We Need to Talk About Kevin is anchored around the magnificent performances of the delightfully strange Tilda Swinton and Ezra Miller, who effectively embodies the cold-blooded and evil nature of Kevin. The film features some wonderful cinematography and an interesting art-house script, but mainly succeeds on the strength of the two aforementioned performances. Swinton masterfully channels Eva’s burden, anger, fear and sadness while Miller’s portrayal of Kevin is quite frightening. As strong as these performances are, the immensely talented John C. Reilly seems miscast as the naive husband, Franklin; I was never fully convinced of him and Swinton as a believable couple. Both Franklin and Kevin’s younger sister, Celia seemed like one-dimensional characters that were provided with very little screen time. However, the story is really about the relationship between Eva and Kevin; in this respect the film works extremely well. We Need to Talk About Kevin asks some very difficult questions and may strike fear into the heart of anyone considering becoming a parent, but the film is nevertheless worth seeing for Swinton and Miller’s exceptional performances as well as Ramsay’s unconventional method of storytelling.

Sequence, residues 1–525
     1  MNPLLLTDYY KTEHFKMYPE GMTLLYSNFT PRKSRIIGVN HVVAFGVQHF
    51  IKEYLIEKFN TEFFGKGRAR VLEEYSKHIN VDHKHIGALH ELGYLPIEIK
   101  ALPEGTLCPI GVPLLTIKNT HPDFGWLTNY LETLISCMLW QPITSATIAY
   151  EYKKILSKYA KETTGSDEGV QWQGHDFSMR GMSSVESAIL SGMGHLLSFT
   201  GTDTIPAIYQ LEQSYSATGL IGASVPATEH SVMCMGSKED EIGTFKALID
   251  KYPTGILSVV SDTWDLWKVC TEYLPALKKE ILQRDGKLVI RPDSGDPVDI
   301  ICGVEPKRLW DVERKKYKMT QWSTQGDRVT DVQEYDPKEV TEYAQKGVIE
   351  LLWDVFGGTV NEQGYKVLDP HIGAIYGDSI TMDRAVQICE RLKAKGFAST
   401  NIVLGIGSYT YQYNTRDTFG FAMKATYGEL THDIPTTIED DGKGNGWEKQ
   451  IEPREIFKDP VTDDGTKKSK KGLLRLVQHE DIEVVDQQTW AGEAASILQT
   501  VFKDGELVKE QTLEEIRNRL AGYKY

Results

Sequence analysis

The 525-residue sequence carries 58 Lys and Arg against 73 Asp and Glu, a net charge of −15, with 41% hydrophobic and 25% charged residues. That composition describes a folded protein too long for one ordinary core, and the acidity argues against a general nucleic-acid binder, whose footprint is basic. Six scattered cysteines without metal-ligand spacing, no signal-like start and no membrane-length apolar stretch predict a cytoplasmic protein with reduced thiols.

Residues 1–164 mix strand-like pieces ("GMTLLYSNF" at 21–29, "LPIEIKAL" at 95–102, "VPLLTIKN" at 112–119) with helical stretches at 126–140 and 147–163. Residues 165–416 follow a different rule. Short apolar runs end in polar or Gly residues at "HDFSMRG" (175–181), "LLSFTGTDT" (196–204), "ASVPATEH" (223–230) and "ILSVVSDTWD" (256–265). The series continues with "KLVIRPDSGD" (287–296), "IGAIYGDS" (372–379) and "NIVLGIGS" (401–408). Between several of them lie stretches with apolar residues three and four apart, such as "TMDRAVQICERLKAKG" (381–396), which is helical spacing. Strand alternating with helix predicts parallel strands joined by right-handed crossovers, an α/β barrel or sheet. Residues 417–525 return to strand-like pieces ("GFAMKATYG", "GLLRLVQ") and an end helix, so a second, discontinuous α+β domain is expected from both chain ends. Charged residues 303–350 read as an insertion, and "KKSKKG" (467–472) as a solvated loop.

Comments ( 6 )
  • Diego Christianson says:

    Tilda Swinton was really great in this one. And Kevin is the son I wouldn’t want to have. Thanks for the review!

  • Christian says:

    First off, I agree that the film was well acted. Tilda Swinton can (seemingly) do no wrong. The film was also well directed and produced, with your indie-arthouse shots.The use of red within the film was interesting. Great use of music.